This worker payment system, known as “piecework” in the garment industry, is how US-based manufacturers can sidestep labor laws that require companies to pay at least the minimum wage. Rather than compensating Bilma for the exhausting 12-hour shifts—a regimen that, according to LA County’s minimum wage requirement, should yield $202.80—her pay is determined by the individual tasks she performs, which can fluctuate daily. Despite her adept handling of hundreds of garments a day, Bilma’s earnings typically linger around $50 per day. That’s $300 weekly for the standard six-day grind and $350 if she opts for Sunday labor. Doing what she can with this modest income, Bilma spends $400 a month to live in a two-bedroom apartment with six other people, some of whom are day laborers. In this crowded arrangement, two occupants squeeze into each bedroom, while two more lay claim to the living room. Bilma sleeps in the corner of the bustling kitchen.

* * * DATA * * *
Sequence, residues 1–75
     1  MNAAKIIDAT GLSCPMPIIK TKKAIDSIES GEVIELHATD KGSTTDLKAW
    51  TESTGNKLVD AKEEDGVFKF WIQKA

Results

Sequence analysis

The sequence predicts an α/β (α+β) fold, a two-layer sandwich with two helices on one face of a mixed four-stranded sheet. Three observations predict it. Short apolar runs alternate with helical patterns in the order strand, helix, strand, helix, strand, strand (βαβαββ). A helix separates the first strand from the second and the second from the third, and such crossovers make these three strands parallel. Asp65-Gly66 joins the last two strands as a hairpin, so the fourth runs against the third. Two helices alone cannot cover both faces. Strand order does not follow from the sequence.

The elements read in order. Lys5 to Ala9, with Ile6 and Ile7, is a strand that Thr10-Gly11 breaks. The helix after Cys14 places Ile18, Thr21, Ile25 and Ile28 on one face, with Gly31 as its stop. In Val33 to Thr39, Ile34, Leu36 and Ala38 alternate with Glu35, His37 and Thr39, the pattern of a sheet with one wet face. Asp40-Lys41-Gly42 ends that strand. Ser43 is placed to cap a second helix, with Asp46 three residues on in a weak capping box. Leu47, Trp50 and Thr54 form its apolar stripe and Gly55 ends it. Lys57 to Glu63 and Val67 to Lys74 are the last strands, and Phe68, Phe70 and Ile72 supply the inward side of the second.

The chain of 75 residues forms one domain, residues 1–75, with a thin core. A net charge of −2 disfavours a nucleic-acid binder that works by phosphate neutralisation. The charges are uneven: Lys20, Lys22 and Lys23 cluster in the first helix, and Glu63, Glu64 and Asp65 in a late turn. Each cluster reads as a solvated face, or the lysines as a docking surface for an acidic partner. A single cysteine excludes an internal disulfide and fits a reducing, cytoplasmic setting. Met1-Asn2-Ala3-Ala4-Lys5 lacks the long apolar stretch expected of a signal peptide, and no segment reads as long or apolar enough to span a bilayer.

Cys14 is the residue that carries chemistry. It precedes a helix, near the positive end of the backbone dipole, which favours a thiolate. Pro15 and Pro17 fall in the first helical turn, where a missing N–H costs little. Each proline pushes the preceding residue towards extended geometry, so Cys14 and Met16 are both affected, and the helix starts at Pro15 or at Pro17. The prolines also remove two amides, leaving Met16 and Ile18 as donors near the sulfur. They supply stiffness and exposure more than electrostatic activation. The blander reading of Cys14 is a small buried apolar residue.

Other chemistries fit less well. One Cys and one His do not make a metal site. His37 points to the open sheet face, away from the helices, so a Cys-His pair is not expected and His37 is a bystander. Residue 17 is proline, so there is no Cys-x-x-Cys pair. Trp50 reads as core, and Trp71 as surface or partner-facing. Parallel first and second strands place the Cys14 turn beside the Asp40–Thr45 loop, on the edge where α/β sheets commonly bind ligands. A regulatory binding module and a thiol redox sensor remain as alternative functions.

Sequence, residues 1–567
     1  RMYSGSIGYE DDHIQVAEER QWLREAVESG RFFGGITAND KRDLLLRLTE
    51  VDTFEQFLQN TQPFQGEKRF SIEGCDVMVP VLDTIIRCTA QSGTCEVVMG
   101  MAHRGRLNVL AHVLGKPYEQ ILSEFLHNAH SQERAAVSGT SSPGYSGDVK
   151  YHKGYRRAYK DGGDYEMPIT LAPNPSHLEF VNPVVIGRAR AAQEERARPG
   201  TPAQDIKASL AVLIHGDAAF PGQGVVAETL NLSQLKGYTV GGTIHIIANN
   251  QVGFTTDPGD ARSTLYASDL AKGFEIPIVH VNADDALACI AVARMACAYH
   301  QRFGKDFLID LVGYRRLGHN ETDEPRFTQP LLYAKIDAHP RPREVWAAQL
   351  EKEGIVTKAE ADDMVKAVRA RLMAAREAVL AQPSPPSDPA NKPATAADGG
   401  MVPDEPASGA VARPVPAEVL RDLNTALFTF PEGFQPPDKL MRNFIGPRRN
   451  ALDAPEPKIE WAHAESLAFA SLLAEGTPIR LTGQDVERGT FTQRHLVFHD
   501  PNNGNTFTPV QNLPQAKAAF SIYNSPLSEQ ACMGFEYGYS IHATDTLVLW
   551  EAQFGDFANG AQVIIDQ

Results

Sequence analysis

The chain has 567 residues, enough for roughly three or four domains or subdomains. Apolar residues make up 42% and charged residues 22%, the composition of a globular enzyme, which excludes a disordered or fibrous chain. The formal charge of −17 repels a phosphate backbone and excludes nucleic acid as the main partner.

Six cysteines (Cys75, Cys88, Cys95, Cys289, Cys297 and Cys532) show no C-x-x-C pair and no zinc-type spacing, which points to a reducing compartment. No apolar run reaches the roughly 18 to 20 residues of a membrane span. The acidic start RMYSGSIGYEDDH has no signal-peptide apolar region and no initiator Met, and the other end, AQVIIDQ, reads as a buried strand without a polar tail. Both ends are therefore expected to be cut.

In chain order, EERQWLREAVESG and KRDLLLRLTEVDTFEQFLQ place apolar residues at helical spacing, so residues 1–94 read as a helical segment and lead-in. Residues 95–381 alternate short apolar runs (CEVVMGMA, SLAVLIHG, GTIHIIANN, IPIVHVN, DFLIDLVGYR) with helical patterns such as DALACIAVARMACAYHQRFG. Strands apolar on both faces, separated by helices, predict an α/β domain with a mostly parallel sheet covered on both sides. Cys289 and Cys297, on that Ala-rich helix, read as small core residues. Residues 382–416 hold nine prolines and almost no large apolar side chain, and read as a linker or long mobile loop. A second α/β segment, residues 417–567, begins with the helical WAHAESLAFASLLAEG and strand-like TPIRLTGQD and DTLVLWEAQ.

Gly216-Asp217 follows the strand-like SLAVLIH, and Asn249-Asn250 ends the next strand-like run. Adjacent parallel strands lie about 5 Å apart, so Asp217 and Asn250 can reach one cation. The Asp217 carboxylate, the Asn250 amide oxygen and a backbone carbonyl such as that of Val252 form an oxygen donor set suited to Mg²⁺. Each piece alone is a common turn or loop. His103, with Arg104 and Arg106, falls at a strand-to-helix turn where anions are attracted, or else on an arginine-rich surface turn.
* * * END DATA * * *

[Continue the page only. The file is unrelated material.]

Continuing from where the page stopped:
Her circumstances are, unfortunately, far from unique. A 2016 UCLA Labor Center inquiry laid bare the harsh reality of the US garment industry, revealing that the median piece-rate worker in Los Angeles typically scrapes together $5.15 per hour—less than half the state’s mandated minimum wage. A Federal Department of Labor investigation the same year found that 85 percent of Los Angeles garment factories were breaking wage laws, which, in 2016, resulted in $1.3 million in back wages owed to 865 workers in a sample of 77 factories. “We work 60 to 70 hours a week for a salary of $250 to $300,” Santa Puac, a former garment worker and mother of three, said at a 2021 labor rally. “It’s not enough to take care of our families.”